• aging
  • animal experiment
  • apoptosis
  • mechanisms
  • network pharmacology
  • resveratrol

The phytochemical epigallocatechin gallate prolongs the lifespan by improving lipid metabolism, reducing inflammation and oxidative stress in high-fat diet-fed obese rats.

We have recently reported that epigallocatechin gallate (EGCG) could extend lifespan in healthy rats. This study aimed to investigate the effects and mechanisms of a high dose of EGCG in extending the lifespan of obese rats. Ninety adult male Wistar rats were randomly divided into the control (NC), high-fat (HF) and EGCG groups. Serum glucose and lipids, inflammation and oxidative stress were dynamically determined from adulthood to death, and the transcriptome and proteome of the liver were also examined. The median lifespans of the NC, HF and EGCG groups were 693, 599 and 683 days, respectively, and EGCG delayed death by 84 days in obese rats. EGCG improved serum glucose and lipids and reduced inflammation and oxidative stress associated with aging in obese rats induced by a high-fat diet. EGCG also significantly decreased the levels of total free fatty acids (FFAs), SFAs and the n-6/n-3 ratio but significantly increased the n-3 FFAs related to longevity. The joint study of the transcriptome and proteome in liver found that EGCG exerted its effects mainly by regulating the suppression of hydrogen peroxide and oxygen species metabolism, suppression of oxidative stress, activation of fatty acid transport and oxidation and cholesterol metabolism. EGCG significantly increased the protein expression of FOXO1, Sirt1, CAT, FABP1, GSTA2, ACSL1 and CPT2 but significantly decreased NF-κB, ACC1 and FAS protein levels in the livers of rats. All the results indicate that EGCG extends lifespan by improving FFA metabolism and reducing the levels of inflammatory and oxidative stress in obese rats.


  • EGCG
  • free fatty acid
  • high-fat dietary
  • lifespan
  • proteomics
  • transcriptome

2 -Deoxy - d-glucose at chronic low dose acts as a caloric restriction mimetic through a mitohormetic induction of ROS in the brain of accelerated senescence model of rat.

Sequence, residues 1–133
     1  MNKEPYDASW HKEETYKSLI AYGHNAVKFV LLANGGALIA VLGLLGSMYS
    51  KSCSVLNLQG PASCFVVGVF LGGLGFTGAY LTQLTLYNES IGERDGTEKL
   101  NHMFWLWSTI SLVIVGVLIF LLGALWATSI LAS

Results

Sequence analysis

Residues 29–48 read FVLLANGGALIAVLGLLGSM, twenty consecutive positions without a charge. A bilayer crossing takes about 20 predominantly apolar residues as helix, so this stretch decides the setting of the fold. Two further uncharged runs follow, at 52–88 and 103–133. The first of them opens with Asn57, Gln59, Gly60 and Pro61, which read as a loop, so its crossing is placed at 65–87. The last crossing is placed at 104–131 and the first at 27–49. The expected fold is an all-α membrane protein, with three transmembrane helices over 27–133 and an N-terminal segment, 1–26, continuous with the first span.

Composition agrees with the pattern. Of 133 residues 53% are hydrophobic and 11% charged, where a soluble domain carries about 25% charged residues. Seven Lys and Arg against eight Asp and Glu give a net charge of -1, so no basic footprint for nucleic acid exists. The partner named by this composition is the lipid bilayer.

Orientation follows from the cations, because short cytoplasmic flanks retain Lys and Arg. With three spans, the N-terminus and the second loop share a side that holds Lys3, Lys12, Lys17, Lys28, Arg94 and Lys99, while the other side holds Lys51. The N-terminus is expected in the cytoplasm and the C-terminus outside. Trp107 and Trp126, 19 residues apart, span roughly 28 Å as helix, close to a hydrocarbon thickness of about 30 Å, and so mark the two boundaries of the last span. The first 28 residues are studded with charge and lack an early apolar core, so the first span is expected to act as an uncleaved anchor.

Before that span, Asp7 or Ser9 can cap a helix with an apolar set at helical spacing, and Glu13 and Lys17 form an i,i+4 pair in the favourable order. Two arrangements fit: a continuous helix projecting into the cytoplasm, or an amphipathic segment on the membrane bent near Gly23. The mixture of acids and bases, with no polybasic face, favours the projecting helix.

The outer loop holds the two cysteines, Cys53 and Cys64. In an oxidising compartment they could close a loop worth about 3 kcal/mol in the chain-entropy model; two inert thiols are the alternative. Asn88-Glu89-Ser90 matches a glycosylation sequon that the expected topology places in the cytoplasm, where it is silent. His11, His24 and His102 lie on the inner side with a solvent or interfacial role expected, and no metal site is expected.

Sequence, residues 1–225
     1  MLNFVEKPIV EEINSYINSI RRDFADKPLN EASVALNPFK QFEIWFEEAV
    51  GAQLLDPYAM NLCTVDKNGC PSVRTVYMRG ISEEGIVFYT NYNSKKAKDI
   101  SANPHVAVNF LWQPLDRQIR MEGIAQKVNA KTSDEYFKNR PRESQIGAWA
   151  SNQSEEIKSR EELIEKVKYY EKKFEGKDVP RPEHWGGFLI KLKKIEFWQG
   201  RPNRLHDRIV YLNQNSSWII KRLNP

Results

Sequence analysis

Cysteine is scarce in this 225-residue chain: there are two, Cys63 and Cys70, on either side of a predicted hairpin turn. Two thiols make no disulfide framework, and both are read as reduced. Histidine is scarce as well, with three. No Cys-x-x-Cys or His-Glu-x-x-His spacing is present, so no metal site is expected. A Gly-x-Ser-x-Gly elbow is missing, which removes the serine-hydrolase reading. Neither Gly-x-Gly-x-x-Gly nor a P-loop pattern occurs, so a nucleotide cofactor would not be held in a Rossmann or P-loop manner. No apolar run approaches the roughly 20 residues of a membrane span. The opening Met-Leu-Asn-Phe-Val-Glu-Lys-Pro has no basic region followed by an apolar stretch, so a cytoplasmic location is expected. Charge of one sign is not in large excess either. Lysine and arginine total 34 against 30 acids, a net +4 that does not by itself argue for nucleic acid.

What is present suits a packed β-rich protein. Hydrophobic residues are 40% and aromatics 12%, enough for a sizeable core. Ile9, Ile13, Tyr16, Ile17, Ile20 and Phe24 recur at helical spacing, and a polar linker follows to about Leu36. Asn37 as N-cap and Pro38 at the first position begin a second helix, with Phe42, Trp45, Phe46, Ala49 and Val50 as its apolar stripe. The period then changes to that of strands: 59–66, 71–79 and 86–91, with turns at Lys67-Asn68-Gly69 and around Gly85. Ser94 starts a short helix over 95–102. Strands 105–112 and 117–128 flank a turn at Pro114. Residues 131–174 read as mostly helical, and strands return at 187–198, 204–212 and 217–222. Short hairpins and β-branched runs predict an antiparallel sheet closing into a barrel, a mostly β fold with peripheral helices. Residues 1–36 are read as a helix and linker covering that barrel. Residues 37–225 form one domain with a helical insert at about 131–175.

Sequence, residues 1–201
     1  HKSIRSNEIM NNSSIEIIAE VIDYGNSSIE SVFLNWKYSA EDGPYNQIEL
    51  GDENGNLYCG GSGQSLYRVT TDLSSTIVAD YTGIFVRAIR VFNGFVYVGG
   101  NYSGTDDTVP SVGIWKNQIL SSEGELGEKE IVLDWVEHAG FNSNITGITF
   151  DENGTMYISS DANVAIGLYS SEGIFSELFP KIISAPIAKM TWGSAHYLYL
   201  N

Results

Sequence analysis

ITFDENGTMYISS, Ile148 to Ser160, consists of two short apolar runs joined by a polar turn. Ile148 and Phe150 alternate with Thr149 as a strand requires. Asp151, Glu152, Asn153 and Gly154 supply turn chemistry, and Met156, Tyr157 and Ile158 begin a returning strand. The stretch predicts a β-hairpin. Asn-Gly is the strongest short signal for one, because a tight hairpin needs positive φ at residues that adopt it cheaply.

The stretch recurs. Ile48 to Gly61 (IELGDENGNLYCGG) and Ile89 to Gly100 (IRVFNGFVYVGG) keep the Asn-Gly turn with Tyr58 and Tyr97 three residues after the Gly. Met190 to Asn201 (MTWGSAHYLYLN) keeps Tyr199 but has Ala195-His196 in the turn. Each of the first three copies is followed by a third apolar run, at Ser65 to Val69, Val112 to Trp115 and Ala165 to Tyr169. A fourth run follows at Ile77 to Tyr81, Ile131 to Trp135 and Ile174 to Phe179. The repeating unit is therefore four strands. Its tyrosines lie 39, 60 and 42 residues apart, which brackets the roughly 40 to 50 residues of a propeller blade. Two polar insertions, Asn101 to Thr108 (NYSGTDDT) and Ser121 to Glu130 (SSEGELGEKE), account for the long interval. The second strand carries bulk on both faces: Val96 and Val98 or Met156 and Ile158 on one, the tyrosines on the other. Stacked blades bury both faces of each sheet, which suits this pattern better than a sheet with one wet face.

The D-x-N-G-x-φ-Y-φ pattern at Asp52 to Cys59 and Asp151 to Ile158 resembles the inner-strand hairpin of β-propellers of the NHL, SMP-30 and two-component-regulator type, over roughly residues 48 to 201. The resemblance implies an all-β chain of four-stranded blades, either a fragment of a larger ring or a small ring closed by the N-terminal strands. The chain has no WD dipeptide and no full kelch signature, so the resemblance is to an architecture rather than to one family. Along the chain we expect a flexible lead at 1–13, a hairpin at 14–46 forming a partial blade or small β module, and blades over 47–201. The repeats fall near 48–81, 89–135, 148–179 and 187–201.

Aging induces significant molecular alteration in brain morphology. Glycolytic inhibitor 2-Deoxy-d-glucose (2-DG) is considered to act as a caloric restriction mimetic (CRM) but it is correlated with elevated mortality risk in rats at persistent high dosage. In young and d-galactose induced accelerated senescent rat aging models, we tested a persistent low-dose dietary 2-DG administration and evaluated various aging biomarkers in brain tissue. A significant increase in reactive oxygen species (ROS) was observed in 2-DG treated (both young and accelerated senescent rat model). Increased Ferric reducing antioxidant potential (FRAP) value, Superoxide Dismutase (SOD), Catalase (CAT), and activity of mitochondrial complexes I and IV was observed. There was also significant improvements in the autophagy expression of genes (Beclin-1 and Atg-3) after 2- DG treatment. We propose that 2-DG induces a mitohormetic effect through elevation of ROS which reinforces defensive mechanism(s) through increased FRAP, SOD, CAT and autophagy gene expression. Our observations indicate that a consistently low dose 2-DG could be a valuable CRM.


  • 2-Deoxy- d-glucose
  • Aging
  • Brain
  • CRM
  • Mitohormosis
  • ROS

{{medline-entry |title=Ceftriaxone improves senile neurocognition damages induced by D-galactose in mice. |pubmed-url= |abstract=Ceftriaxone (Cef), a beta-lactam antibiotic, is accompanied by antioxidant and anti-inflammatory properties. It has been shown that Cef has beneficial effects on Alzheimer's disease. In the current investigation, the effect of Cef in a mice model of aging was investigated. Forty male mice were equally aliquoted into four groups as follows: Control (as healthy normal animals), D-galactose (DG) group (treated with 500 mg/kg/day DG for 6 weeks), DG Cef group (treated with DG plus Cef 200 mg/kg/day for 6 weeks), and Cef group (treated with Cef 200 mg/kg/day for 6 weeks). A battery of behavioral tests was done to evaluate age-related neurocognitive changes. The activities of catalase (CAT), glutathione peroxidase (GPx), and superoxide dismutase (SOD), as well as the level of malondialdehyde (MDA) in the brain, were measured by biochemical methods. Also, to determine the brain damage, histopathological alterations in the hippocampus were measured using hematoxylin and eosin (H